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October 12, 2008


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I probably shouldn't say this, but when Mom and I go to the movies (or any form of popular entertainment), we have a sort of game we play where we count the Black people. Every time we see a face darker than a brown paper bag, it's actually some kind of event.

ME: Look! There go one!
MOM: Where?
ME: Right there, almost near the - nevermind, you missed it.

We also have a game where we sort of inject Blackness into White characters based on their behavior. When a character does something that strikes us as particularly ethnic (not in the BET or WB sense, just based on what we observe of our own people everyday), we say, "Soandso got Black in him/her" (or something to that effect). It's actually meant as a complement, but it's also our way of coping with the overwhelming Whiteness of a lot of the things we see, things that would ordinarily make us unable to enjoy simple things like going to the movies or watching TV.


Let me ask a difficult question: since you mention that Ray Anthony's role was described in the script as being African-American, was it either explicit or implicit in the script that the other characters were not?

To use a familiar example: in producing Huckleberry Finn, it's pretty clear that, for Jim's African-American identity to affect the play in the intended manner, that Huck, Tom, Huck's Dad, the Widow Douglas and most of the other characters in the play are white. It's difficult not to cast according to race when race is the *subject* matter of the play in question. (It's why the idea of an all-white "Raisin in the Sun" is ludicrous.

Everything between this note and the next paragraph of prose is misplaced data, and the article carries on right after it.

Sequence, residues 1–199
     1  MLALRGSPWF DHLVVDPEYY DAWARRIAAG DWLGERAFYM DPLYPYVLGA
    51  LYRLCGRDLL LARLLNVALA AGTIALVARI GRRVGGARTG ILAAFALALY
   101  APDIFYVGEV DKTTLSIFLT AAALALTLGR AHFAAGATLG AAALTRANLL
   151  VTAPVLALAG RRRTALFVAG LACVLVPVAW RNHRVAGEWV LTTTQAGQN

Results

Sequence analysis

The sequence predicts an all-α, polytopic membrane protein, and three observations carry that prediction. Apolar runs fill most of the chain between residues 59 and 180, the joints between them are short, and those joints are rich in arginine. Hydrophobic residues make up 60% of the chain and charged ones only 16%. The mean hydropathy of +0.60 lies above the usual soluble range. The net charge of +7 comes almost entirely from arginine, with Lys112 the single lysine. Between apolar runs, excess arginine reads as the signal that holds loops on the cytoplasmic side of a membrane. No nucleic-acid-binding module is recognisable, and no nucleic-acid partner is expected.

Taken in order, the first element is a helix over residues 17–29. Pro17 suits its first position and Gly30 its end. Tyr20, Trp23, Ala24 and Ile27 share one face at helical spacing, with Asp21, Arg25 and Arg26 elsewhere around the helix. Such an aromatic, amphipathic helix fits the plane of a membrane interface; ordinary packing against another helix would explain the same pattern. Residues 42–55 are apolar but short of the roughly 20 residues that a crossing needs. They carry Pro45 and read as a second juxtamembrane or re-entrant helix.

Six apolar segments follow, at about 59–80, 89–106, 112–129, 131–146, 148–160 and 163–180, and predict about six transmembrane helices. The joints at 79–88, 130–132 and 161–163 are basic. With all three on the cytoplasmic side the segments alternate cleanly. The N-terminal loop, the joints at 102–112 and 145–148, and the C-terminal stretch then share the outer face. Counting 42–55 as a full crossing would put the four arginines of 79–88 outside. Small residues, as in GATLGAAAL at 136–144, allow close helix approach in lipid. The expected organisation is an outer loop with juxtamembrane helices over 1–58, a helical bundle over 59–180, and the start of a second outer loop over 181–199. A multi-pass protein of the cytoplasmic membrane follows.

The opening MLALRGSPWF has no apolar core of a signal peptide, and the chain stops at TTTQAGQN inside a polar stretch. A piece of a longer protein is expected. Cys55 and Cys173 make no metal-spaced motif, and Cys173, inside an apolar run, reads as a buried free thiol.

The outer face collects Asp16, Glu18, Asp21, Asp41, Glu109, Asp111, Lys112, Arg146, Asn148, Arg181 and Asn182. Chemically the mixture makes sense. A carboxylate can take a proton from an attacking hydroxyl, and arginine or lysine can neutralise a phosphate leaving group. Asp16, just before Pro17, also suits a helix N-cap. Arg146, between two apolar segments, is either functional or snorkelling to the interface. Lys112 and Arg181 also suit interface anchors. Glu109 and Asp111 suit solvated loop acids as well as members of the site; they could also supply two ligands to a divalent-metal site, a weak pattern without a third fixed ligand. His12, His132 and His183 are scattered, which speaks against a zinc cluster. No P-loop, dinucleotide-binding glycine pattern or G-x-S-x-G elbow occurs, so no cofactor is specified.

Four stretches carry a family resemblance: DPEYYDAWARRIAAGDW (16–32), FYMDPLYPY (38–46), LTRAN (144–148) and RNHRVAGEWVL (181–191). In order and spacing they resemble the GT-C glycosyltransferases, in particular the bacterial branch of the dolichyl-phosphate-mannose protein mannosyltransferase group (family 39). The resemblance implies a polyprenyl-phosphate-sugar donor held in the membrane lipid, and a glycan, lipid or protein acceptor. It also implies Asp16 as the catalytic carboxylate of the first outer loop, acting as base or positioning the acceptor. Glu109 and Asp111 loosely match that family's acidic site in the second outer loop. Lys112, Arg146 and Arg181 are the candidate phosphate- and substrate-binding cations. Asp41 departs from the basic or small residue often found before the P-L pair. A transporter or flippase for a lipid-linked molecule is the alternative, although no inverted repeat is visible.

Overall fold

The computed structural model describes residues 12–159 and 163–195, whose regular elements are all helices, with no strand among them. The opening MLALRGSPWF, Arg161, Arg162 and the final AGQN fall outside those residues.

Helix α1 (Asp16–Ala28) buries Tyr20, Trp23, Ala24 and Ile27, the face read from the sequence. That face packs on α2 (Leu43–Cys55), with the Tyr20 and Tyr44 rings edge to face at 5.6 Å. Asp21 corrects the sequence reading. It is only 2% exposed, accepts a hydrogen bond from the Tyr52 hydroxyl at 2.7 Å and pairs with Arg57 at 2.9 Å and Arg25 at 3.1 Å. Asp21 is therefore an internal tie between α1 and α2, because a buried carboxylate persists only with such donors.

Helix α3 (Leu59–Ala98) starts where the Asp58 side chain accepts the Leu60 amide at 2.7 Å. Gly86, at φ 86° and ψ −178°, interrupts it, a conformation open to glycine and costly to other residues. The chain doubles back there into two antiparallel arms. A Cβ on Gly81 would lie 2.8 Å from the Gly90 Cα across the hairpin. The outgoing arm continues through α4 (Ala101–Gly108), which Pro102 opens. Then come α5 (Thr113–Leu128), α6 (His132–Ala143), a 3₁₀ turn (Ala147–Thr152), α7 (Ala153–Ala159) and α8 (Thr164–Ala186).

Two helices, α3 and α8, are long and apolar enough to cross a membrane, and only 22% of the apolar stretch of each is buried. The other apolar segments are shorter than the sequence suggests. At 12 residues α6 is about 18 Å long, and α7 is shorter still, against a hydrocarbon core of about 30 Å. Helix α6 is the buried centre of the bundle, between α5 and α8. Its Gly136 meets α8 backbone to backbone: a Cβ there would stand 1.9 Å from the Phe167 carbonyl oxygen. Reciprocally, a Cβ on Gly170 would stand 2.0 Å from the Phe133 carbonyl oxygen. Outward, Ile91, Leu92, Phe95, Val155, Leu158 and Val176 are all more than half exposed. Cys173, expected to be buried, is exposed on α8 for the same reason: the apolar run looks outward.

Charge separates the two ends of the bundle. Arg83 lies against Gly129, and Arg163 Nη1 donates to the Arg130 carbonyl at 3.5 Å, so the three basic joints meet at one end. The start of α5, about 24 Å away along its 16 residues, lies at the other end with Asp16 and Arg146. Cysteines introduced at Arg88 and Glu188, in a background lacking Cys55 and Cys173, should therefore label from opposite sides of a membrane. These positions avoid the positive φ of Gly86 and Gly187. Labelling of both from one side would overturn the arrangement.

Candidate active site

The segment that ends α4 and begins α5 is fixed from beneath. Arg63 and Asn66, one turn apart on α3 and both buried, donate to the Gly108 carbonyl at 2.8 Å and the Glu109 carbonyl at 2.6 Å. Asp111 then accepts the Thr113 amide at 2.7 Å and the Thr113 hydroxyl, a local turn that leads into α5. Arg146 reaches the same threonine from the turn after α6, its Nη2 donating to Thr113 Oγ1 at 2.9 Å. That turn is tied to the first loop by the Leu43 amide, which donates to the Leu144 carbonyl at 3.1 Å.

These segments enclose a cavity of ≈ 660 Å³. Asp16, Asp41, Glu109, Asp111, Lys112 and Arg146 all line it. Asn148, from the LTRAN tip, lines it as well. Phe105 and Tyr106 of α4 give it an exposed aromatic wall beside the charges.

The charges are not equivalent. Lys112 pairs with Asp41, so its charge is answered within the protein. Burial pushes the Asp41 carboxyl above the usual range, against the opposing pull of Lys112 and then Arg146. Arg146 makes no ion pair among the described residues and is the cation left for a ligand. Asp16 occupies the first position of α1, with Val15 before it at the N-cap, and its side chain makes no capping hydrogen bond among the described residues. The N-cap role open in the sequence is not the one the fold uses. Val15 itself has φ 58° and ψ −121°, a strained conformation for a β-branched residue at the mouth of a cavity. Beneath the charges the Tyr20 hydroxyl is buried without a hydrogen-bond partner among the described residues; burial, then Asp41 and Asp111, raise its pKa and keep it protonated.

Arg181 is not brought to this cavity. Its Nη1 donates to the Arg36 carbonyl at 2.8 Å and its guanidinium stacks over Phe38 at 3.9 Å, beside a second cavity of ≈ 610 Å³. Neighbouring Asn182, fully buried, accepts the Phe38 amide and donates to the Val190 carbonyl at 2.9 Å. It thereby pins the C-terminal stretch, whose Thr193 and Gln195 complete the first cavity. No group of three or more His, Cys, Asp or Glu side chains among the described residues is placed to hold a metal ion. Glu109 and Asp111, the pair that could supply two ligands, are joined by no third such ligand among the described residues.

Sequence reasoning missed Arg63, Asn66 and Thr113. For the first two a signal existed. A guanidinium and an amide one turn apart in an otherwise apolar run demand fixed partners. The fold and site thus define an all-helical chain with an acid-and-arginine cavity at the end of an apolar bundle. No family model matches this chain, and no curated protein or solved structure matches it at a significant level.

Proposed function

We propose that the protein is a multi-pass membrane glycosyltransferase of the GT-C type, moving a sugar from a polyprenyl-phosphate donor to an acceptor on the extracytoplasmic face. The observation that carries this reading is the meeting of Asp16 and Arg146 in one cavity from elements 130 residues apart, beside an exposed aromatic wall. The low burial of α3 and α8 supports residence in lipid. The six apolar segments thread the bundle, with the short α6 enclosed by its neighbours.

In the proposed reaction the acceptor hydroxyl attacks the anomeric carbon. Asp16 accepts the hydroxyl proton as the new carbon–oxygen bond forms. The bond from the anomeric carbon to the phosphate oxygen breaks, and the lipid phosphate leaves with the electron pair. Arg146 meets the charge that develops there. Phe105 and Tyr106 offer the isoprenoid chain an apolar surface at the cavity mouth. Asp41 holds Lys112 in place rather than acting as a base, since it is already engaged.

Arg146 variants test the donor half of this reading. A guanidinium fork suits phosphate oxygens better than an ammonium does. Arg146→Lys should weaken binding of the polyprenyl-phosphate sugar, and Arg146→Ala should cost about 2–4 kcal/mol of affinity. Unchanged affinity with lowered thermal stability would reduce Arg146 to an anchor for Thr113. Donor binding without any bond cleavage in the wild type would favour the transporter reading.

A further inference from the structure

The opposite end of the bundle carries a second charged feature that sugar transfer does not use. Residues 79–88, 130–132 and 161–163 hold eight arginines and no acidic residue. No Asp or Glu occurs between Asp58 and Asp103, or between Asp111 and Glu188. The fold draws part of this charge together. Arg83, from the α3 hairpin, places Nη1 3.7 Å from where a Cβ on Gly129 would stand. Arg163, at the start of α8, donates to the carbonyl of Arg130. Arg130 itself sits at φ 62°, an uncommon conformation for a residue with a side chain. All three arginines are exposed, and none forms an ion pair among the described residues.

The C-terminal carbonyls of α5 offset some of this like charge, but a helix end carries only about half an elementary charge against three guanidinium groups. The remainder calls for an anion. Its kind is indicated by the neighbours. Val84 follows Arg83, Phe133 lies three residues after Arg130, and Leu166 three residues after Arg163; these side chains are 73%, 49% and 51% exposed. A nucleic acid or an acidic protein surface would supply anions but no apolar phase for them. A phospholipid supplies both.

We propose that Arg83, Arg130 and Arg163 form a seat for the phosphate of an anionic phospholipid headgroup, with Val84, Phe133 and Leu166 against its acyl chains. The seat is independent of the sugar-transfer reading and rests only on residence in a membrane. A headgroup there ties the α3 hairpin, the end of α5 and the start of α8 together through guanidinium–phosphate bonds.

I'm really interested in your thoughts on this aspect.


Hey mark,

In KINDNESS the characters refer to Ray Anthony Thomas several times as African American and that that would be problematic for their family if one of them was to date him. So they at least need to be not African American. I'm not sure it necessitates that they be White. There's plenty of racial attitudes against dating Black people amongst other people of color. I can't remember if in the play they reference that they themselves are white, although there's all sorts of typical mid-western white culture signifiers w/r/t the characters.

I agree with you about Huck Finn although I'll say the difference between Huck Finn and KINDNESS is of course eras and demographic trends.

(And again (just to reiterate) my point is not that Adam Rapp should have cast Asian actors or whatever for the rest of the cast in this particular show, but rather to document as systemically as I can what's going on with casting, whose stories are being told and how)

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